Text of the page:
The Mouflon, also known as urial, is a wild sheep found in many parts of the world and are widely regarded as the ancestor of modern-day domestic sheep, a process that started between 7000 – 11,000 years ago in the southwestern regions of Asia. The population of this sheep is decreasing rapidly; nonetheless, they are still hunted in the wild for their characteristic trophy horns.
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Mouflon Scientific Classification
Table Of Content
Table of Contents
Size: The head to tail length is around 110 – 145 cm.
Height: They stand at the height of around 0.9 m at the shoulders.
Weight: Males are slightly heavier at around 50 kg, while the females are around 35.
Body & Coat: Their long, slender legs display a vertical black line below the knees, while the belly is mostly white. The coat is made of long, coarse hair especially in the males. The color can vary from grey with a reddish hue, to brown and coffee. In the European population, the males are dark chestnut, while the females are beige.
Horns: Usually the males have large horns, which is around 25 inches in length, and are spiral or curved over their heads (which the females lack as a major sexual dimorphism).
In the wild, the longevity of the males is 8 to 10 years, and females is 10 to 12 years. They have been known to live for as long as 22.8 years in captivity.
Classification of Species of the Mouflon Sheep by Distribution
Biologists have disputes regarding the scientific classification of the species. While some claim that the mouflon is a subspecies of the domestic sheep, others consider them as a species by itself, and the ancestor of the modern-day domestic sheep. However, the MSW3 (Mammal Species of the World) has classified them under five subspecies, based on their range and characteristics as follows:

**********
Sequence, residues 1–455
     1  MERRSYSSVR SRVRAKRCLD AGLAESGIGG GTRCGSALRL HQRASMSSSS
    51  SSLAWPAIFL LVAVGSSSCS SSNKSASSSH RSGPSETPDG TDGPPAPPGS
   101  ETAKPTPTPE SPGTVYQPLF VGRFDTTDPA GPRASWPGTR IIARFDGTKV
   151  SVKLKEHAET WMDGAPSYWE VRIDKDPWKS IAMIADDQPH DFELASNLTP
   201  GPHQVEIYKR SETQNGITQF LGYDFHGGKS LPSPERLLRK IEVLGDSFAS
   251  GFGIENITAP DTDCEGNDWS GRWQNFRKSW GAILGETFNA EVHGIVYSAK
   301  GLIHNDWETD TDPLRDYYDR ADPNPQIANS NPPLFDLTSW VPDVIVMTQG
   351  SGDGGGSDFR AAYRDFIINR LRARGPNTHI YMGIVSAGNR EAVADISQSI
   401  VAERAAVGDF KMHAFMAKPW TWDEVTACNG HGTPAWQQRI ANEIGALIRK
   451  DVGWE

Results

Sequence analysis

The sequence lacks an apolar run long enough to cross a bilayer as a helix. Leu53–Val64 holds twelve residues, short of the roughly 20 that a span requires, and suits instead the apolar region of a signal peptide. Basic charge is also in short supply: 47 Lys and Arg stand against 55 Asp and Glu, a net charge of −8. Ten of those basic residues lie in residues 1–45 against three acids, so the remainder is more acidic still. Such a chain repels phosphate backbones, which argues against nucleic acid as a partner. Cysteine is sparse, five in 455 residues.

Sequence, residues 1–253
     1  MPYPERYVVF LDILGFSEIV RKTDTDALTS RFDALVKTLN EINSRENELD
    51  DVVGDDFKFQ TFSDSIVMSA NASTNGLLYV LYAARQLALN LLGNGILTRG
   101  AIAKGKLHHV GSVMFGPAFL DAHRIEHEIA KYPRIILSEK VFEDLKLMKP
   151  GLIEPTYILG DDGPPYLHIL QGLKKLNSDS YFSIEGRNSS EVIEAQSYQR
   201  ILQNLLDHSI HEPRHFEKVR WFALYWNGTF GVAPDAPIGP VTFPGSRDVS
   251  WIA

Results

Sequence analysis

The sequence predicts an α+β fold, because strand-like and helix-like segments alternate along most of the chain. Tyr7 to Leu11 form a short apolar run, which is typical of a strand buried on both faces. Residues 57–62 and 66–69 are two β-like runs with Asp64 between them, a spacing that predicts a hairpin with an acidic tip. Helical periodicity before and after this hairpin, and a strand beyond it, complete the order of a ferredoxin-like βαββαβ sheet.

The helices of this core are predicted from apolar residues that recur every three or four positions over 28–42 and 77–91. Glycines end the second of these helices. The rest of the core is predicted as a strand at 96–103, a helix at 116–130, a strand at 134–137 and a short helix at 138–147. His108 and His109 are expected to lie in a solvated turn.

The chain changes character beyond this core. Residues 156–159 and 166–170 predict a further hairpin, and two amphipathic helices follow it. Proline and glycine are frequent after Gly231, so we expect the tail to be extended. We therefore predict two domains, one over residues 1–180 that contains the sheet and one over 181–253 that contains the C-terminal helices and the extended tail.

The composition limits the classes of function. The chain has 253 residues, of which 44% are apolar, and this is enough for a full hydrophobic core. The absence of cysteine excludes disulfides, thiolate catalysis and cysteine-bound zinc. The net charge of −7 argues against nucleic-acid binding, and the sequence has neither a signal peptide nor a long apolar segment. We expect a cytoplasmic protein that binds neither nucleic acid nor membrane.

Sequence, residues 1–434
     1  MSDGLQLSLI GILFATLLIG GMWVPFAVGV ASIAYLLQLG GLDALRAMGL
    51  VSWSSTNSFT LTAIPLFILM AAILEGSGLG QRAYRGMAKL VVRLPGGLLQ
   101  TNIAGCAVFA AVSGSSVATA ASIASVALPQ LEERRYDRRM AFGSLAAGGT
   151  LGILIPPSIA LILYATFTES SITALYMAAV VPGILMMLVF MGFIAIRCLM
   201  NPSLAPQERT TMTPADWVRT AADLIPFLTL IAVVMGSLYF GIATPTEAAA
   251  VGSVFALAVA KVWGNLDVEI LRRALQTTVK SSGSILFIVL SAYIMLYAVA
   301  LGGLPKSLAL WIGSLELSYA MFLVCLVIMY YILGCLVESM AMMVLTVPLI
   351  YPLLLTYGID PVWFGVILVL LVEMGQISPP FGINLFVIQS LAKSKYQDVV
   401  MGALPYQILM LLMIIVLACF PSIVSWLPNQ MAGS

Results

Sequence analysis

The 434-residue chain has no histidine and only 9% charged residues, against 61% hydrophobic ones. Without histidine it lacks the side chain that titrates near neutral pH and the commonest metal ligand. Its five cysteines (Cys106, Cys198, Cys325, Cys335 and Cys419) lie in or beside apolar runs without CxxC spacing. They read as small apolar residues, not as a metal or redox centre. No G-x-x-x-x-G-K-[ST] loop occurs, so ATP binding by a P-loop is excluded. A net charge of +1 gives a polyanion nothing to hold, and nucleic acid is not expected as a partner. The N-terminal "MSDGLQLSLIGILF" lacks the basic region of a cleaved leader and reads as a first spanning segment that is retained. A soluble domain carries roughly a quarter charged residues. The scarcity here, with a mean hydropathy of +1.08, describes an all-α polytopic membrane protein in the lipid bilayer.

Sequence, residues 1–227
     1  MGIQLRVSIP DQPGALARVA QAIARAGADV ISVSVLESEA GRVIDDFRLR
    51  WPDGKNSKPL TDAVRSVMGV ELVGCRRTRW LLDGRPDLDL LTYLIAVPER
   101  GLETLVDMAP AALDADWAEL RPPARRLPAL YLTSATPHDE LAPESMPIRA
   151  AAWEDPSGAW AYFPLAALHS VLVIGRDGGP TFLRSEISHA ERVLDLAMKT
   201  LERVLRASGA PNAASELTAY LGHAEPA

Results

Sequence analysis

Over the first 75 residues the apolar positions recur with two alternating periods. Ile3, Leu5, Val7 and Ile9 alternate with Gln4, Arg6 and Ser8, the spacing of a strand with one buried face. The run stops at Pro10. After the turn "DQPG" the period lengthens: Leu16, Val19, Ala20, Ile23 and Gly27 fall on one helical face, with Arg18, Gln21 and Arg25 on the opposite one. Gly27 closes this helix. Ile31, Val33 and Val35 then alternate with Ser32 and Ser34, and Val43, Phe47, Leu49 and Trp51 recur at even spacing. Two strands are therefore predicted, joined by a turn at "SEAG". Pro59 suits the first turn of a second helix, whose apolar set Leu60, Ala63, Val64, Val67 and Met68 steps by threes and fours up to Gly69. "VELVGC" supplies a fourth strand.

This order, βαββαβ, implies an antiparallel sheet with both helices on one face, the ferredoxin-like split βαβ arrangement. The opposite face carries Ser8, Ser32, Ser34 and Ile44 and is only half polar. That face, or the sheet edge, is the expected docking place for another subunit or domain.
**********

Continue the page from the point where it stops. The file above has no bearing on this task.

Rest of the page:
- Armenian mouflon (Armenian red sheep) – Ovis orientalis gmelini found in NW Iran, Armenia, and Azerbaijan and introduced in Texas, US.
- European mouflon – Ovis orientalis musimon found in many parts of Europe.
- Esfahan mouflon – Ovis orientalis isphahanica found in the Zagros Mountains in Iran.
- Cyprus mouflon – Ovis orientalis ophion that went almost extinct but now reportedly found only in Cyprus.
- Laristan mouflon – Ovis orientalis laristanica that are found in a fewdesertareas in the south of Iran.
These sheep are found in a wide variety of habitats, depending upon their range, from temperate mountain forests to desert conditions that include grassland chaparral forests, desert or dune savanna, as well as scrub forest mountains.
The mouflons are normally shy animals that come out from for foraging mostly in the evening or early morning. They would also not stay at one place for long.
During the day, they usually rest under overhanging bush or rocks, making sure they are well hidden so as to stay safe from the sudden attack of predators.
They are gregarious creatures, spending most of the time moving and grazing in non-territorial herds. They have highly developed herding or flocking instinct and can move in very large groups of up to even 1000 or more.